As A Solo Traveller, This Is How I Feel We Should Approach Women’s Safety

Trigger Warning: Harassment

Follow up post to what I’d shared last weekend.

On the outset, I’d like to thank everyone who reached out to me and expressed their concern for my safety and wellness. I am truly grateful for all the love and support that was extended to me. Some friends even helped plan my day differently in light of what happened and tracked my location at regular intervals to make sure I felt safe. I’m ridiculously lucky and privileged to know such wonderful people.

As you may have noticed the barrage of photos I shared, I stayed back in Hampi after the incident. I momentarily considered cutting my trip short but made a premeditated decision to stay back and avoid a situation where I’m engulfed and paralysed with fear of travelling alone.

I resolved to go back early if the problem persisted or worsened. Even though I stayed back because I hoped to thrive in the face of adversity, I’ll always place self-preservation and care above all else. The remainder of my trip wasn’t as exciting and adventurous as I’d hoped it would be (before arriving at Hampi), and it is unfortunate that I had to be micromanaged to feel safe enough to venture out, but it was worth it. Not only did I get to see some of the most dramatic landscapes and exquisite architectures, but also regain some confidence and self-assurance.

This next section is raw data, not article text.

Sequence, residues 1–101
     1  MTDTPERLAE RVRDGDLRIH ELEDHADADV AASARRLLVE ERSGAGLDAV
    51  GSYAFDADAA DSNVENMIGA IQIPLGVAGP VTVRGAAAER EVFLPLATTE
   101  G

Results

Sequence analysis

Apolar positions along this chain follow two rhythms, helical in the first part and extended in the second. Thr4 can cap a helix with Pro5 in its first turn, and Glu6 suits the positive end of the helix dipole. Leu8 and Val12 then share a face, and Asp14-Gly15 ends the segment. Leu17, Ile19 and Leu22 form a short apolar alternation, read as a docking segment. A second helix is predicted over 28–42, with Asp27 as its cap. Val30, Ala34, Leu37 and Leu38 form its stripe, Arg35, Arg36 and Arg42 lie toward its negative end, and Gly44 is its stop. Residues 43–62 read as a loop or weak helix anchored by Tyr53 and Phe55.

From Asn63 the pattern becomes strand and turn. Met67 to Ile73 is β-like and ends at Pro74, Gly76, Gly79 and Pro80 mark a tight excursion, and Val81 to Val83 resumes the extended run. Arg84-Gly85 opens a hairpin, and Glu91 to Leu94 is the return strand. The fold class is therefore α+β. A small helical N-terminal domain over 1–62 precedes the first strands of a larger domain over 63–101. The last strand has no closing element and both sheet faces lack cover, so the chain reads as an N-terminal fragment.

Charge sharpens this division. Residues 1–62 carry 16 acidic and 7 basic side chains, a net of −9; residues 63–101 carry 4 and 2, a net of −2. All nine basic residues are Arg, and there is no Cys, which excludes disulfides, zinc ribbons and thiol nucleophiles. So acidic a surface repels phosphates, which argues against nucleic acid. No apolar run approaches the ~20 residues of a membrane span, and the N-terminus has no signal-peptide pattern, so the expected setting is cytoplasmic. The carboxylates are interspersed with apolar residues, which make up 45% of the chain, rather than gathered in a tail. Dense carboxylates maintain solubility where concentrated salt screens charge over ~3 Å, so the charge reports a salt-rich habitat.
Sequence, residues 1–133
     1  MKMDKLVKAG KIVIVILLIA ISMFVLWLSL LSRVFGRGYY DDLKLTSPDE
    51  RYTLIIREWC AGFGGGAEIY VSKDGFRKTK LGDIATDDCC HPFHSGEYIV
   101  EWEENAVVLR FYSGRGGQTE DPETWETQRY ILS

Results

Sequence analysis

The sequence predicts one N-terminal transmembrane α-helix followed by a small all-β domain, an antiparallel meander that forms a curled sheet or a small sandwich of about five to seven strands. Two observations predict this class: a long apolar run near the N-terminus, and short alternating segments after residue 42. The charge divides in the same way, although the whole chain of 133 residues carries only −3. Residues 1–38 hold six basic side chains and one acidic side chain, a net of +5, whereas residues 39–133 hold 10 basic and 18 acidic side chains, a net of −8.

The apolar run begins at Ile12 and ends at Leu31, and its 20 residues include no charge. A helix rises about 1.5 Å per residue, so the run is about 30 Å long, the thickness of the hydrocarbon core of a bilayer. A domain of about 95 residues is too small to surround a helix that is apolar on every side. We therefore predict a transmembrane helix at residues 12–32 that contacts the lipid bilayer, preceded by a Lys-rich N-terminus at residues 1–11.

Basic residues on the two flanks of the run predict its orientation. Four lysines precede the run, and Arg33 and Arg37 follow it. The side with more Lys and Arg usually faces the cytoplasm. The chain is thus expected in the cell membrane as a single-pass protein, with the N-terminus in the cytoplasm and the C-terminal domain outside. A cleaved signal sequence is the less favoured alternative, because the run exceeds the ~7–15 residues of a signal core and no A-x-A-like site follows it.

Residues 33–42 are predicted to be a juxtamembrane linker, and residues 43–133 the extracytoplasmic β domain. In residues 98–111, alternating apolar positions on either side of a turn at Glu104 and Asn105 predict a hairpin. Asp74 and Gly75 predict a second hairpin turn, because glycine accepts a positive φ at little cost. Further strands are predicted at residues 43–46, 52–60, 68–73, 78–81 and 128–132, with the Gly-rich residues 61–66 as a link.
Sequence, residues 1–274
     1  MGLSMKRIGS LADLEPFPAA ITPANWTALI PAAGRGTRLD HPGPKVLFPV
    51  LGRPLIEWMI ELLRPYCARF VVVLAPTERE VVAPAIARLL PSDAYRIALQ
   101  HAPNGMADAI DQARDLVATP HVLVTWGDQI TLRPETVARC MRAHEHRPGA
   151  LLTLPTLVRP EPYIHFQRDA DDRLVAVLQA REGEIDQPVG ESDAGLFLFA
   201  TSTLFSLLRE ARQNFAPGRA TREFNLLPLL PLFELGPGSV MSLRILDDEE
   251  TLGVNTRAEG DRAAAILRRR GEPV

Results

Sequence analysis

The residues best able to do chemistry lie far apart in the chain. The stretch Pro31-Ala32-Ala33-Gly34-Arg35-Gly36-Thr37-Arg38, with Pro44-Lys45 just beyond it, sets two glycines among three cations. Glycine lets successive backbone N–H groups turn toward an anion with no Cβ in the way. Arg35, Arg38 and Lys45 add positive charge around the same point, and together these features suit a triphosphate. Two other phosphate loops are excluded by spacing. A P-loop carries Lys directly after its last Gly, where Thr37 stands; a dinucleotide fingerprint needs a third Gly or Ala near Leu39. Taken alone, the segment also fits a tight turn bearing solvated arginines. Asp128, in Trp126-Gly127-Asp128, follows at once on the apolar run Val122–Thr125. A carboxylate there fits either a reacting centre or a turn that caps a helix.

In response to my initial post, some female friends told me this experience of mine validated and strengthened their worst fears about travelling alone in India. Some relayed similar experiences they’d shared even while travelling with friends and family. Being well aware of the prevalence and legitimacy of this all-consuming fear didn’t make it any easier to read these reactions to what I’d shared.

The reason behind sharing my previous post was to NOT instil fear and worry in the minds of readers, curtail someone from being independent, or even romanticise the idea of throwing oneself in the deep end to learn a lesson.

Photo for representation only.

I’ve taken at least one solo trip a year in the last four years. Yet, every time I decide to go on one, I receive the standard set of messages from (well-intentioned) family and friends who ask me to — tag along with someone (anyone!), carry pepper spray/ safety pins, second guess my decision, or simply stay back and watch a travel documentary with ‘wanderlust’ in the title instead.

Over time, I’ve come to understand and empathise with the underlying message behind their concerns and am grateful to have people in my life who care about me fiercely. Still, I’ve found it disconcerting to see the amount of weight we lend to placing the combined onus of their safety, what unfolds in their environment, and the behaviour of their oppressor, all on women instead of taking collective responsibility to ensure the same.

I realise there’s a clear distinction between the concerns expressed by friends and family (one which lays heavy emphasis on preventive measures) and the latter (which rests on challenging and changing behaviours, attitudes and beliefs). Regardless, I’m unable to wrap my head around how our society would do anything to keep women safe, including keeping them off the streets, as opposed to making public spaces more accessible and safe instead!